Be on the Lookout for BMSB

Annette MaCoy
Cumberland County Horticulture Educator 

BMSB - what does it mean? It's short for Brown Marmorated Stink Bug, an exotic nuisance pest accidentally introduced into Pennsylvania several years ago. "Brown" describes the mottled brown color of this shield-shaped bug. "Marmorated" describes the coppery to bluish-metallic punctures noticeable on the surface of the head and body. "Stink" describes the pungent odor released from scent glands when the insect is disturbed, and "bug" describes this true bug with its piercing-sucking mouthparts. BMSB was first officially identified in Allentown in 2001, and since then has been expanding its range to other parts of Pennsylvania, including the Capital Region, and surrounding states.

Why the concern? BMSB can be a real nuisance in the fall as adults congregate to find a warm protected site to overwinter, such as inside our homes, in a manner similar to those more familiar pests, the multicolored Asian lady beetle and the boxelder bug. BMSB is a strong flyer and will emit a strong odor if it is crushed. Once inside the home, it may become active on warmer sunny days during the winter. In spring, it emerges again to leave the home and complete its lifecycle. After mating, females lay clusters of 20 to 30 light-green, barrel-shaped eggs on the underside of leaves, continuing to lay up to 400 eggs by late summer. The nymphs hatch from the eggs in about a week and go through five stages of development, or instars. First instar nymphs are small and reddish-yellowish in color; later stages are darker in color and look more like the adults.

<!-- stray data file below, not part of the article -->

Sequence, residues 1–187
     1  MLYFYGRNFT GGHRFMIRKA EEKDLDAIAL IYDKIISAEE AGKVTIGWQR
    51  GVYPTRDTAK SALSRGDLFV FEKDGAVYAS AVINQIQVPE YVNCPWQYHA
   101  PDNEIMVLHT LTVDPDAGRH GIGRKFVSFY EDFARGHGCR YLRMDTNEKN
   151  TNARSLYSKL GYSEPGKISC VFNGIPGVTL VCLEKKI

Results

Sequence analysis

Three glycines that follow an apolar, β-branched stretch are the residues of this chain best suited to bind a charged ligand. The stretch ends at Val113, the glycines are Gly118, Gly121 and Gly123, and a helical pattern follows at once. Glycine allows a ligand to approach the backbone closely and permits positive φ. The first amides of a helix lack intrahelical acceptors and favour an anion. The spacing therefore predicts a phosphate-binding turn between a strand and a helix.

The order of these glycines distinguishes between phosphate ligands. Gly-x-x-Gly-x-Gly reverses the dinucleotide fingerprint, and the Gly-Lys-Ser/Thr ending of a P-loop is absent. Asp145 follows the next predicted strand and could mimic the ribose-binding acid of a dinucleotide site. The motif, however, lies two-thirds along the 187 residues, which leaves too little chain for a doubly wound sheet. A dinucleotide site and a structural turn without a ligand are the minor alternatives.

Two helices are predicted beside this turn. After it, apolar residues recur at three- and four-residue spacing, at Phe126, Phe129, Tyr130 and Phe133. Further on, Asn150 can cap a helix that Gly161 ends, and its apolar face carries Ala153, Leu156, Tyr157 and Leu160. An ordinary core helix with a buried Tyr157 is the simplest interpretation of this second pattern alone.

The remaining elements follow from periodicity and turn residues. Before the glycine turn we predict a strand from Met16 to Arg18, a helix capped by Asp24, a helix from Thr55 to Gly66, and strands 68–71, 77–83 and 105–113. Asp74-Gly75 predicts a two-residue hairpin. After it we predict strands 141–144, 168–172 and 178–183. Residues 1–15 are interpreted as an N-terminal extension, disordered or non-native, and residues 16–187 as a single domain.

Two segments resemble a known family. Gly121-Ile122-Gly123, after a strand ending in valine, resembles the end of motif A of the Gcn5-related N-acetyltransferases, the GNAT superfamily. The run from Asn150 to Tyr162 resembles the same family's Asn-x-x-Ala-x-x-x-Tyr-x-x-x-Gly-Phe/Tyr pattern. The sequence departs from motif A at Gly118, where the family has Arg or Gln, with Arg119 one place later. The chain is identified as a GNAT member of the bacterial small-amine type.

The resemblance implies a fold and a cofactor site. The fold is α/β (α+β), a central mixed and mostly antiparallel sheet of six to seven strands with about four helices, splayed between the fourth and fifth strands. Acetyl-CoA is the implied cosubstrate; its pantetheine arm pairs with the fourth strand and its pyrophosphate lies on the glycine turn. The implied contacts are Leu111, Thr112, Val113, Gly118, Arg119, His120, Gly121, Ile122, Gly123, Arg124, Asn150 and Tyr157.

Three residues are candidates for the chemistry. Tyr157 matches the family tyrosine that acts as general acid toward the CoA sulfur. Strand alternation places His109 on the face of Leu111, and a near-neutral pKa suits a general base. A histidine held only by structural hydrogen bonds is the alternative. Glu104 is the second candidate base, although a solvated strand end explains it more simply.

Adults are about inch in length with the characteristic shield shape of stink bugs, almost as wide as long. To distinguish BMSB from native grey-brown stink bugs, look for alternate light and dark bands on the antennae. BMSB also has light and dark bands on the outer edges of the membranous wings. If you are finding stink bugs in your home in winter, it is most likely BMSB; but you may bring a specimen to your local Penn State Extension office for positive identification.

The best option for control inside the home is to sweep or vacuum up the bugs and dispose of them outside. Do not leave the bag inside the vacuum cleaner. Insecticides are not recommended for control inside the home. Outside, mechanical exclusion by sealing cracks and crevices with a good quality silicone or silicone-latex caulk is the best approach to preventing entry of BMSB into the home.

Besides being a nuisance, BMSB has the potential to become an agricultural pest of crops such as peaches, apples, soybeans, and other legumes. It feeds on the leaves and fruit of many different plants, including ornamentals, causing small necrotic spots to form. In its native eastern Asia, it is a known agricultural pest. So far, in the eastern United States, BMSB has been noted as a nuisance pest only, but that may change as its population and range expands. So be on the lookout for BMSB.

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